My job as the Deputy Coordinator for Development for Feed the Future is to champion the cause for global food security. It's good for health, it supports economic growth, and it promotes global stability. For as much as I value the work I do in Washington, it is opportunities to visit our programs in the field that really reinforce for me what a difference investments in food security can make.
I am in Zambia this week for the 10th annual African Growth and Opportunity Act (AGOA) forum. Earlier today, I was with United States Trade Representative (USTR) Ron Kirk when he announced a U.S. commitment of up to $30 million per year for four years to support trade expansion in Africa. This will facilitate U.S.-Africa trade and intra-regional trade. It will also leverage private sector resources and investments by other donors.
Following the day's events at AGOA, I saw firsthand how this can work. USTR Kirk and I joined U.S. Ambassador Mark Storella for a visit to the Freshpikt canning factory -- the only one of its kind in Zambia. Over the past several years, investments from the U.S. Agency for International Development (USAID) have helped the factory to source produce from smallholder farmers, which raises their incomes. In turn, this has provided consumers throughout the region the option to purchase high-quality, locally canned goods that are competing favorably against imported products. They are also being exported, which helps the Zambian economy.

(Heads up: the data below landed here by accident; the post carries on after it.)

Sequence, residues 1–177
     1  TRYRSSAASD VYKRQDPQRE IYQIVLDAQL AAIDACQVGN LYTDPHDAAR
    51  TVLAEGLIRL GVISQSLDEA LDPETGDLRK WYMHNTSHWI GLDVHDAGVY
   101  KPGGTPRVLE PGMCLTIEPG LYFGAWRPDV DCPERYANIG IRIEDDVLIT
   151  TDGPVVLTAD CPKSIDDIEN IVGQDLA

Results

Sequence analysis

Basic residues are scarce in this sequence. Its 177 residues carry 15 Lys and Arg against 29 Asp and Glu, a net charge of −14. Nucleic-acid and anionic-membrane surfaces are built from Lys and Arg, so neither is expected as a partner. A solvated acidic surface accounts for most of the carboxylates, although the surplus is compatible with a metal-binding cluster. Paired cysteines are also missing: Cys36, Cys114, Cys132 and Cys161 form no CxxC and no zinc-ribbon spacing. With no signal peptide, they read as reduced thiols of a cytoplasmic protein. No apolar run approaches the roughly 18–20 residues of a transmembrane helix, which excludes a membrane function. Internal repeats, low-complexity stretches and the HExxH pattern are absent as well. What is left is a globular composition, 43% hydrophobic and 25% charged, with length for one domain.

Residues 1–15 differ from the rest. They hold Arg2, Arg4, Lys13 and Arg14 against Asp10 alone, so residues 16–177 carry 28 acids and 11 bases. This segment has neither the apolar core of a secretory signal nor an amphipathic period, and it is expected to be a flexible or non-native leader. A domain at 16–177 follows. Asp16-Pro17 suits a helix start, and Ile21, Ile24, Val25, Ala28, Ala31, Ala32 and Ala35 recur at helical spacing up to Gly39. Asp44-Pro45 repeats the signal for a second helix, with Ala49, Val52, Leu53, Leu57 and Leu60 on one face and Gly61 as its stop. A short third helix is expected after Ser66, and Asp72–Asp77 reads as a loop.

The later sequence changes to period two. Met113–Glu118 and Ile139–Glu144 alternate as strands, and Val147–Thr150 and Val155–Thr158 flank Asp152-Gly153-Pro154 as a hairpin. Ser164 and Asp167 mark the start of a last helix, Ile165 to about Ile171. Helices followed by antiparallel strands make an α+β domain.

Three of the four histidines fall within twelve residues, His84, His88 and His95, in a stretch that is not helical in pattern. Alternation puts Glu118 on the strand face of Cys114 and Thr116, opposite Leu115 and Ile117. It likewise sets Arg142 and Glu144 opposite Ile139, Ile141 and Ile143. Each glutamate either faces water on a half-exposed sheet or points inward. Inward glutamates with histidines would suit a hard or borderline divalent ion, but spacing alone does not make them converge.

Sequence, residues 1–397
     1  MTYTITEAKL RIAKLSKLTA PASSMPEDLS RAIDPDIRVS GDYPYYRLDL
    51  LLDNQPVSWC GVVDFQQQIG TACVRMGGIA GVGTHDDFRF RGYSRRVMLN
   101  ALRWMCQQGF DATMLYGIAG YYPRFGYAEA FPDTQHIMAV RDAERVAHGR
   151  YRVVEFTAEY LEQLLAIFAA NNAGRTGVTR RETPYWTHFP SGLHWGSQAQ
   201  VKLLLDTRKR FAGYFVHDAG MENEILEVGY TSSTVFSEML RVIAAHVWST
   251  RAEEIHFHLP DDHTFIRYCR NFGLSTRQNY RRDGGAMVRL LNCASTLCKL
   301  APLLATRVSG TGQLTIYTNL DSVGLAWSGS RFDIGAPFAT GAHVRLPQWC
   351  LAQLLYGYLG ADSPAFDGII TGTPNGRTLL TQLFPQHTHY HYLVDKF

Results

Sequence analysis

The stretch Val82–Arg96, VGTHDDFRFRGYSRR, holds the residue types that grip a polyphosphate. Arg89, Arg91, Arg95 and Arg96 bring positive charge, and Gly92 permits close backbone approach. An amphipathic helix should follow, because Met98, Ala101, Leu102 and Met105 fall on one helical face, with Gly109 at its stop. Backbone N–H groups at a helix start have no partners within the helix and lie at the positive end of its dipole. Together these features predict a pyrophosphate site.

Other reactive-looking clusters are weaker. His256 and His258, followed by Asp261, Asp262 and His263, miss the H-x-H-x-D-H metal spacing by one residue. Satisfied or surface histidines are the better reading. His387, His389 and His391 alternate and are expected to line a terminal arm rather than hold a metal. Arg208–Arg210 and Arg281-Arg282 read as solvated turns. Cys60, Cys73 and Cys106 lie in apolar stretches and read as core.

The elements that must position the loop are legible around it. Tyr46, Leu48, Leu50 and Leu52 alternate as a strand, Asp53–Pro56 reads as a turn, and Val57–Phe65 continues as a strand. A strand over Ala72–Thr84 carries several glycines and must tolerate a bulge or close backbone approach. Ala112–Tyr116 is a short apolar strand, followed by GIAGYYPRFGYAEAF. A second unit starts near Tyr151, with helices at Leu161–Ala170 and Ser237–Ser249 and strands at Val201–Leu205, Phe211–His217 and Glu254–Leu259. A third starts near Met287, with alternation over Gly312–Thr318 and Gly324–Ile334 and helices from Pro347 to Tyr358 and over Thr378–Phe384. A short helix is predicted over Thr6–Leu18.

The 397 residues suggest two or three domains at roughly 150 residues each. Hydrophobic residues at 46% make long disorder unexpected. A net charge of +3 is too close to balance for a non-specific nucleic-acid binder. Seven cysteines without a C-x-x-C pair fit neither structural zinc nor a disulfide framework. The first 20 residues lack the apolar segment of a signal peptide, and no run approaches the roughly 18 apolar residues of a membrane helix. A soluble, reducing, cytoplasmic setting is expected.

During our visit, Freshpikt and PS International -- a U.S.-based company specializing in international trade of bulk agricultural commodities -- signed a letter signifying PS International's intent to invest up to $30 million to increase Freshpikt's capacity to can tomatoes for regional markets.
A main objective of Feed the Future, the U.S. global hunger and food security initiative, is to sustainably increase agricultural productivity and rural incomes through diversification and private sector development. Today's visit was inspiring. I'm looking forward to spending the next few days in Zambia!
Editor's Note: This entry also appears on the USAID Impact Blog.